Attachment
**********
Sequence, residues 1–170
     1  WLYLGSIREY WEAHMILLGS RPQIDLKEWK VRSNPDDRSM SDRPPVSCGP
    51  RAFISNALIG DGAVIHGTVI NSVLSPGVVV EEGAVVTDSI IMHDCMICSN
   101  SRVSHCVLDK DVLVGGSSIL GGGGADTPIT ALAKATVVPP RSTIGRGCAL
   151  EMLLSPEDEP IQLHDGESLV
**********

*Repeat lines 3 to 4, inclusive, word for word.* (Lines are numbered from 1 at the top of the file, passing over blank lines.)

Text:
    51  RAFISNALIG DGAVIHGTVI NSVLSPGVVV EEGAVVTDSI IMHDCMICSN
   101  SRVSHCVLDK DVLVGGSSIL GGGGADTPIT ALAKATVVPP RSTIGRGCAL